Ethereal has issued a patch to fix a security vulnerability in its versions 0.7.7 to 0.10.12. Ethereal develops technology to sniff packets traveling through a network, which could be subject to a remote denial of service attack, buffer overflow and other vulnerabilities, according to security researchers.
A malicious attacker can probe the network and once the Ethereal software is activated, the attacker could then gain access to the client and system. An exploit to take advantage of the flaws is currently available, according to Symantec. The vendor, however, recommends users upgrade to its 0.10.13 version.
U.S. Army establishes LandWarNet University
Frank Tiboni writes in FCW.com:
The Army has pumped millions of dollars into the Army Signal Center this year to revamp the center’s communications curriculum so that soldiers get more education and training in operating more mobile IP networks, service officials said.
Lt. Gen. Steve Boutelle, the Army’s chief information officer, said the service earmarked $30 million during the past six months to update the training and structure at the Army Signal Center at Fort Gordon, Ga. The funding includes the establishment of the LandWarNet University to give soldiers education and training in operating more mobile IP networks. The 3rd Infantry Division in Iraq was the first to use the networks, which the Army is fielding servicewide.
Boutelle announced the creation of the university earlier this month at the Association of the U.S. Army’s annual conference in Washington, D.C. He and other service officials spoke more about it this week at the Milcom 2005 conference. LandWarNet is the Army’s name for its networks.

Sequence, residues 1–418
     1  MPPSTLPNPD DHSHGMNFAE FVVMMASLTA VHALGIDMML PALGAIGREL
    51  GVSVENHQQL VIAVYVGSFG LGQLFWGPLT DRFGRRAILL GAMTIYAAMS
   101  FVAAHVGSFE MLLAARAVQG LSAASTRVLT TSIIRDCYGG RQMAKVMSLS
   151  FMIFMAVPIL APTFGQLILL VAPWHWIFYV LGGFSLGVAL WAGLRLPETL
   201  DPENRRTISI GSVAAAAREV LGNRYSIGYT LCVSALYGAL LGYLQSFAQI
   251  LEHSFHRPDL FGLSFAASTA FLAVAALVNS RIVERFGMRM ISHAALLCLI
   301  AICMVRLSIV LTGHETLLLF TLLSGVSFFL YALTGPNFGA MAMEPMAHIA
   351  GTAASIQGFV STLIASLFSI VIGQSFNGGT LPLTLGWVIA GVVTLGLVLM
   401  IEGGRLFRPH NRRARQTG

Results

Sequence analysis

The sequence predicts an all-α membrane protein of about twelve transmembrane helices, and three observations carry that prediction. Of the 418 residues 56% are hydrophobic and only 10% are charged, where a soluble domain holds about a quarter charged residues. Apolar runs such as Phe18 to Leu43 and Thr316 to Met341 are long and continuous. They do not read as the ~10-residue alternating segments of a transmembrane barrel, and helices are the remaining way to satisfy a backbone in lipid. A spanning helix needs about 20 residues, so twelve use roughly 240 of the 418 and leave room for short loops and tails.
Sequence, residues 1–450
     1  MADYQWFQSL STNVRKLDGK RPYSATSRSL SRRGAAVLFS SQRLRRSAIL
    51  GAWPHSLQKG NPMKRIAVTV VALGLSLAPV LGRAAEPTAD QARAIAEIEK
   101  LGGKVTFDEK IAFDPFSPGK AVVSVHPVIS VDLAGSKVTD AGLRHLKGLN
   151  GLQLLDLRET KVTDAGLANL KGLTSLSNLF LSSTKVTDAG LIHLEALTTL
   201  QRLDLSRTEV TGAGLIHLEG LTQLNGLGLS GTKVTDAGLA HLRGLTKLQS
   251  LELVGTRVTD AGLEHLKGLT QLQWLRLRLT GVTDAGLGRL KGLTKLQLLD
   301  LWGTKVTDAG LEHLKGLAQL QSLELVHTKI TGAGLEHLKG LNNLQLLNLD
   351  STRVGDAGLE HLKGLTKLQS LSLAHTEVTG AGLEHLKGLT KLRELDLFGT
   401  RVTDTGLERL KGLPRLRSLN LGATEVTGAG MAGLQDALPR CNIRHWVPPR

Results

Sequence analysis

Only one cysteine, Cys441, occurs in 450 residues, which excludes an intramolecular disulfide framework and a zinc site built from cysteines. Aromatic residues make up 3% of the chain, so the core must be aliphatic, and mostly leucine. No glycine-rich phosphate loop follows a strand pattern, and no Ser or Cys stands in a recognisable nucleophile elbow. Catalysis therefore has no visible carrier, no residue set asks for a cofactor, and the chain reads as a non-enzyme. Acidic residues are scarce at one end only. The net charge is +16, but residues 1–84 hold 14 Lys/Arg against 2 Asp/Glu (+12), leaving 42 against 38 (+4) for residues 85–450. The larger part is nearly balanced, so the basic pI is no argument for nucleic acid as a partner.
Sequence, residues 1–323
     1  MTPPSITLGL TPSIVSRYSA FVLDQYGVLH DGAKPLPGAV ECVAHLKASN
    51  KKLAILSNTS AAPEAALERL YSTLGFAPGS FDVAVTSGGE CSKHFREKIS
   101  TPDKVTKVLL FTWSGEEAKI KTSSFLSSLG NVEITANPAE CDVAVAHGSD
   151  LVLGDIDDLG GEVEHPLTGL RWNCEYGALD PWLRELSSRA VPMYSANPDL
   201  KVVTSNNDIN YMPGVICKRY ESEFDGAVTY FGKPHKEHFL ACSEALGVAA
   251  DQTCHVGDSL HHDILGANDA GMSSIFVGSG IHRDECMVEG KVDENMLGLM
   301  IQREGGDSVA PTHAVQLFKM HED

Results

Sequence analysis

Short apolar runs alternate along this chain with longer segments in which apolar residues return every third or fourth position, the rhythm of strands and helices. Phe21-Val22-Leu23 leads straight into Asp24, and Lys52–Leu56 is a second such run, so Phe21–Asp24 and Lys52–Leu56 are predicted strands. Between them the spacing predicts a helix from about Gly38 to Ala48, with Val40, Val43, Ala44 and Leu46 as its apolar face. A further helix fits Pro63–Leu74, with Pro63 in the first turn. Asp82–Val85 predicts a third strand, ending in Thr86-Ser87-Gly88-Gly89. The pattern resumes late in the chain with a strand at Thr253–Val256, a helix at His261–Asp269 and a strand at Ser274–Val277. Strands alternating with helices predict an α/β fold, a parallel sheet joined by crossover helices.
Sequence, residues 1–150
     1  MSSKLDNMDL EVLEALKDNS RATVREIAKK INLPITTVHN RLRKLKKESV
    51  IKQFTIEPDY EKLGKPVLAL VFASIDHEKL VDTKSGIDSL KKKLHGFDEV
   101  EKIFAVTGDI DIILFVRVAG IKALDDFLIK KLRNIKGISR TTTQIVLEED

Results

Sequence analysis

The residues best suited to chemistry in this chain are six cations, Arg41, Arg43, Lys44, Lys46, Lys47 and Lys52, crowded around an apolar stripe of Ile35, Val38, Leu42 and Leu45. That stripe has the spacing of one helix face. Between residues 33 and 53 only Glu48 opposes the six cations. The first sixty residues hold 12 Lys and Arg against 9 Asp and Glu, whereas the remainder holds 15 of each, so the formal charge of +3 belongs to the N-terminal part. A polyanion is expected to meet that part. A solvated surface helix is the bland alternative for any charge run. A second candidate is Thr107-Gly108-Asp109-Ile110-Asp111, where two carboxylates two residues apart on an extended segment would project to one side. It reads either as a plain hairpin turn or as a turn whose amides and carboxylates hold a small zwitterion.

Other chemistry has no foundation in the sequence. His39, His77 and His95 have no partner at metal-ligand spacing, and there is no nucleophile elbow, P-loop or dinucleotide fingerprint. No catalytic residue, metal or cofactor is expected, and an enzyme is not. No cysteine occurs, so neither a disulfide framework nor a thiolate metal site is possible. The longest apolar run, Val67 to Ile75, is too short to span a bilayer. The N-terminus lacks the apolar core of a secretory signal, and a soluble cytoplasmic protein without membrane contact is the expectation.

The university will teach and train soldiers to operate, manage and defend the Joint Network Node (JNN), the more mobile, IP-based communications system that provides voice, video and data on the battlefield, said Brig. Gen. Carroll Pollett, the new commanding general of the Army’s Network Enterprise Technology Command and 9th Army Signal Command located at Fort Huachuca, Ariz. He added that soldiers in Iraq are using JNN now.
School traps infected PCs in its web
Now here's an interesting story.
I'd be interested to hear more about it, if anyone would care to leave a pointer or comment. I Google'd for "Shelob" and came up with nothing more than hundreds of hits for the Lord of the Rings character, checked the EUDCAUSE 2005 program schedule, and also briefly looked around on the University of Indianapolis' website to no avail.
John Cox writes in NetworkWorld:
A team of IT staffers at the University of Indianapolis last week showed off a bundle of open-source tools and scripts it uses to trap and isolate PCs infected by viruses or spyware.